The tension between security and truth is relentless, but living in truth is actually the only way to ensure our security at the deepest level. When we take the time to stay focused on the things we truly enjoy, the things that make us feel expansive, we’re ultimately creating the conditions that will provide us with security where it matters most: inside of us.

So, what do we do to set out on the path?

We have to know what we want.

Fortunately, after doing the first three exercises, we have the information we need to get clearer about what we want. Take our list from the first exercise and revisit it. Now, pull out the things that made us feel expansive versus neutral or contracted.

We’re going to focus on what made us feel expansive, or joyous, and ignore those where we felt neutral or contracted. We should also think about any other joyous moments in our lives (personally or professionally) that were not included on the list since we may no longer be doing them.

Next, note what we were doing at those times, how it felt, and what the experiences say about our needs and interests. The next step is to write two to three sentences stating why these moments were particularly joyous. Write it out in a narrative format.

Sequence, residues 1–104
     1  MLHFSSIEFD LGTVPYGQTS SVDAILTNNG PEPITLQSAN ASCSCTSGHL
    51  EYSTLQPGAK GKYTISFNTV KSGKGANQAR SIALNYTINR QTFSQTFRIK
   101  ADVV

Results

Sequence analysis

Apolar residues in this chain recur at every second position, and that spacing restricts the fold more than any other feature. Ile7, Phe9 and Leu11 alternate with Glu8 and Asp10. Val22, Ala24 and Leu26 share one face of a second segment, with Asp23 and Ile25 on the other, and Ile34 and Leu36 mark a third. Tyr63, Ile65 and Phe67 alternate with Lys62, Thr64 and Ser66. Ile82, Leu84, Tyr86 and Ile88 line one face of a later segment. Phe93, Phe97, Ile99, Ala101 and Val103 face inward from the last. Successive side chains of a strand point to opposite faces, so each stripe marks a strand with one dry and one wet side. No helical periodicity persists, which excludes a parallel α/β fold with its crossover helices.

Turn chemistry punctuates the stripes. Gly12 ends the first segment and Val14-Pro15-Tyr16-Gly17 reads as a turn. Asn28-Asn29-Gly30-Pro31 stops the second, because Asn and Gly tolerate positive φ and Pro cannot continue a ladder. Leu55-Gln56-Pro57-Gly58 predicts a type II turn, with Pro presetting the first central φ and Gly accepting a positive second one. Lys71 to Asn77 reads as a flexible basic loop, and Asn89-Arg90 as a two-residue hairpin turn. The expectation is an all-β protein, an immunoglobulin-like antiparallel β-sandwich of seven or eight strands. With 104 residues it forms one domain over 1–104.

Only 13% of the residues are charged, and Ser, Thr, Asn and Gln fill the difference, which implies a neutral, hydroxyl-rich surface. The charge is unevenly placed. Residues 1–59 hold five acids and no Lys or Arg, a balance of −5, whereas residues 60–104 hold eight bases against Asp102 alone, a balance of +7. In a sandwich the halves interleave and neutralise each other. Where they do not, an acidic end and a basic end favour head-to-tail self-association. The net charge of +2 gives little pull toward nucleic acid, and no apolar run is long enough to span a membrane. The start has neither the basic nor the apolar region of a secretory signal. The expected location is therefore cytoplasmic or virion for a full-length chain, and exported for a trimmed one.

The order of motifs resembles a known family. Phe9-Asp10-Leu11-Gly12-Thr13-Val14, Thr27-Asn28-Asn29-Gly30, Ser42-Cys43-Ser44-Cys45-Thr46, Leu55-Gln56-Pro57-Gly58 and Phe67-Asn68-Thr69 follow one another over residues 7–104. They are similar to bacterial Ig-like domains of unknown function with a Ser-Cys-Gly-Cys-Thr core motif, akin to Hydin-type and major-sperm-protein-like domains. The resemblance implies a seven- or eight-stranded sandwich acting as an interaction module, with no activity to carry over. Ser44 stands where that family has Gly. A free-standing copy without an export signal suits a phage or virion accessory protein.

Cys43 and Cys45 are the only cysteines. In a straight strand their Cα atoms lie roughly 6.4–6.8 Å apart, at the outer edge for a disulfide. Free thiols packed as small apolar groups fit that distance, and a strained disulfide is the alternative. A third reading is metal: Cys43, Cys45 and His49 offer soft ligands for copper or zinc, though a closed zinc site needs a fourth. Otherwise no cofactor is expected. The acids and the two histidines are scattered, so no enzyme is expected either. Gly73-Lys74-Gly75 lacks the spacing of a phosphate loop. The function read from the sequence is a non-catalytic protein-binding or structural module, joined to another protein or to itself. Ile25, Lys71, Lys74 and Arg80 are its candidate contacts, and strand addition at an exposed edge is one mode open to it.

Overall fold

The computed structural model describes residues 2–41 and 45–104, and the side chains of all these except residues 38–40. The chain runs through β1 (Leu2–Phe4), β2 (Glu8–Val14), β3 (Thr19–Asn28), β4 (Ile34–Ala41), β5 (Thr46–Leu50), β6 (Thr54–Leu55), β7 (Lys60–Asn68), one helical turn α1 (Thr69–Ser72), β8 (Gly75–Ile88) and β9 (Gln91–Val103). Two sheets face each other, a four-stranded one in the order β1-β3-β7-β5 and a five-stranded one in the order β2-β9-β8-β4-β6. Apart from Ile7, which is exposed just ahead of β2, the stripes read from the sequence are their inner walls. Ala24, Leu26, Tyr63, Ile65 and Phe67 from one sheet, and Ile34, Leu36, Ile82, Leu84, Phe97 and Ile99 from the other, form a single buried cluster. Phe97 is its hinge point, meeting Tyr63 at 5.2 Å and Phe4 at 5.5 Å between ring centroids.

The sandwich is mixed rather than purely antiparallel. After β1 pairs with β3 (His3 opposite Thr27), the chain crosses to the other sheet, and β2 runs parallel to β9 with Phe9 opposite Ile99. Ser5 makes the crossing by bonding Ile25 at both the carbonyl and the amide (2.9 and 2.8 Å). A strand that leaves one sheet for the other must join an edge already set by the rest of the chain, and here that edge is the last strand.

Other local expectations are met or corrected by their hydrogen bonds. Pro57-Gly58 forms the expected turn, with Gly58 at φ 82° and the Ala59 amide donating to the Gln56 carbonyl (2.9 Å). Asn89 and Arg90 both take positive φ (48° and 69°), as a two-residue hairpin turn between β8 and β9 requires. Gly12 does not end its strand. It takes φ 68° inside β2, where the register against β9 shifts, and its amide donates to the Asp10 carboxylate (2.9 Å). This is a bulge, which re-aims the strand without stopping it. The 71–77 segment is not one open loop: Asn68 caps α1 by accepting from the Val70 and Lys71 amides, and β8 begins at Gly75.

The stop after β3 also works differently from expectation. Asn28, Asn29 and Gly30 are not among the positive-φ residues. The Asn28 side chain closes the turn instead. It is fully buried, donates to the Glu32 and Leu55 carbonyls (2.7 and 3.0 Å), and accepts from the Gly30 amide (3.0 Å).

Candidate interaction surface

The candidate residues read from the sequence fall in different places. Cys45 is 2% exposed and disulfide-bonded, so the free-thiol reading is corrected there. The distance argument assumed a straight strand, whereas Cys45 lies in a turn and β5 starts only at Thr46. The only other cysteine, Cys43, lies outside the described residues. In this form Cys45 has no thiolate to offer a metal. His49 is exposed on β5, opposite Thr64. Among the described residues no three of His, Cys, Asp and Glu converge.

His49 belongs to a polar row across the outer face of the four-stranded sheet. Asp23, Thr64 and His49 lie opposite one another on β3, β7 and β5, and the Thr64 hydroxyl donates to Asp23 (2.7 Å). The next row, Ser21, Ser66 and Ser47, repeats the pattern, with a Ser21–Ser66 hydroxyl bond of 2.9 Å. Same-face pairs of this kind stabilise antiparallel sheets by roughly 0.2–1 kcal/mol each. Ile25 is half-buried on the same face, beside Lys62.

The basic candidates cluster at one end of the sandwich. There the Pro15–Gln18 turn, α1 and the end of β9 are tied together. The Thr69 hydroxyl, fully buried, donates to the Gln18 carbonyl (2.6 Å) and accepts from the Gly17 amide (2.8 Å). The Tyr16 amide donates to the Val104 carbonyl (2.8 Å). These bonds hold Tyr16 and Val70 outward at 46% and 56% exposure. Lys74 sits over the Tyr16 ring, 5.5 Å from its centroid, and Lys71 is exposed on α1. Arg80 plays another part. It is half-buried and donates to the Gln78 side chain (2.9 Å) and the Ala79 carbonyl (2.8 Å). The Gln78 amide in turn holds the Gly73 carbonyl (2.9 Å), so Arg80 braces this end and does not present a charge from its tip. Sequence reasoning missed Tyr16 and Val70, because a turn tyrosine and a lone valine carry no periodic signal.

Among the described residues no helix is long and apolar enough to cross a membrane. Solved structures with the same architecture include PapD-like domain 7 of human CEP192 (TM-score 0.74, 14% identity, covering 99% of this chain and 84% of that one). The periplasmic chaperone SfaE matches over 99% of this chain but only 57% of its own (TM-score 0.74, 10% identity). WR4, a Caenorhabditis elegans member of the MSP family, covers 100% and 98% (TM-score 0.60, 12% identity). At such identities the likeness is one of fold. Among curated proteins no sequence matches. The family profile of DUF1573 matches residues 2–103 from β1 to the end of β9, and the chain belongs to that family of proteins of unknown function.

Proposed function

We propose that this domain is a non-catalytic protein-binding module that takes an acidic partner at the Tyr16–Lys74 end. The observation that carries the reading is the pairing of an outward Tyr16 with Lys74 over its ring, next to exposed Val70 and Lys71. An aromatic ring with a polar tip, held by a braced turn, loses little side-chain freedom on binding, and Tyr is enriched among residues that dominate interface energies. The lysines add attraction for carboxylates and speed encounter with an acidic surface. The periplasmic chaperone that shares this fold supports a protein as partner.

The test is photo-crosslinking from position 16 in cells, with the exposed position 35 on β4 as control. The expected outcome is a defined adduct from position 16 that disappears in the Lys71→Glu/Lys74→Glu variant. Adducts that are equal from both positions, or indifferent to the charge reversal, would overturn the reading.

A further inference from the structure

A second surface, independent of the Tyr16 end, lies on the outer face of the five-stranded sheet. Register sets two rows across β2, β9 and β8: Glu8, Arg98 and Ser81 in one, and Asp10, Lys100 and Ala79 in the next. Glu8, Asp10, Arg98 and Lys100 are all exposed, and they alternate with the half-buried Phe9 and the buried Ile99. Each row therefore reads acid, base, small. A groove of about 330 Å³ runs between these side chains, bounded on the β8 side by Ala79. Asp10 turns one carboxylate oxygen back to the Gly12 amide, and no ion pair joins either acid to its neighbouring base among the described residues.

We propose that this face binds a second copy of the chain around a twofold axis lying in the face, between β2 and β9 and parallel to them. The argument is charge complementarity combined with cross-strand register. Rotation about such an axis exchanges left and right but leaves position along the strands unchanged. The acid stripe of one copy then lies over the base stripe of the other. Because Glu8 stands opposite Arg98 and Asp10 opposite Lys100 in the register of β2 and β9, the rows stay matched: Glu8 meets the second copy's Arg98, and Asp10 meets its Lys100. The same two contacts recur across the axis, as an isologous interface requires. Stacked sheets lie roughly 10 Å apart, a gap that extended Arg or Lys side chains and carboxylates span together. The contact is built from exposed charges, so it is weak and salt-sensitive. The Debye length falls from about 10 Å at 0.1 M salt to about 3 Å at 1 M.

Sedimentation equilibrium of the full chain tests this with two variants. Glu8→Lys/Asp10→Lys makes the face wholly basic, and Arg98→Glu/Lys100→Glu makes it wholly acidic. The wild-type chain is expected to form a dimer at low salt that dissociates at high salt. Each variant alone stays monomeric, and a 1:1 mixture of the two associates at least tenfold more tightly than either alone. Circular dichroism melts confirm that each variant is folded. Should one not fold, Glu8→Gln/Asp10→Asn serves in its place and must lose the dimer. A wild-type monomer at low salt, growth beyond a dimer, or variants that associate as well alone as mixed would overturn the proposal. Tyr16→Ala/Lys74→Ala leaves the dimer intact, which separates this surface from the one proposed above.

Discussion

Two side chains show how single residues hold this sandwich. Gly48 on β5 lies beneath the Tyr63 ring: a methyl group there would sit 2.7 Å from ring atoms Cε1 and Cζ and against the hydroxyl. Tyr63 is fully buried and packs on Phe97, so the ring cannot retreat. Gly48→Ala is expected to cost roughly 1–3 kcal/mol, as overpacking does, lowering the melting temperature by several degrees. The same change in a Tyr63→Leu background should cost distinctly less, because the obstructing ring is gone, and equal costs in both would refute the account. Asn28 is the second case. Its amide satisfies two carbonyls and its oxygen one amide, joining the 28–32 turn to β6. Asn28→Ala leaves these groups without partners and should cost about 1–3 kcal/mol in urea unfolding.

The aim is to simply begin identifying everything we’ve done, past or present, that truly brought us joy. We want to identify these experiences so that we can begin focusing on opportunities that are aligned with the joyous aspects of our lives.

In the next article, I will show us how to begin crafting a vision for our lives, one that is aligned with our deepest truth and most joyous experiences. We’ll then begin working backward from that vision to create the life we want, while also answering the question: what the f^ck should we do with our lives?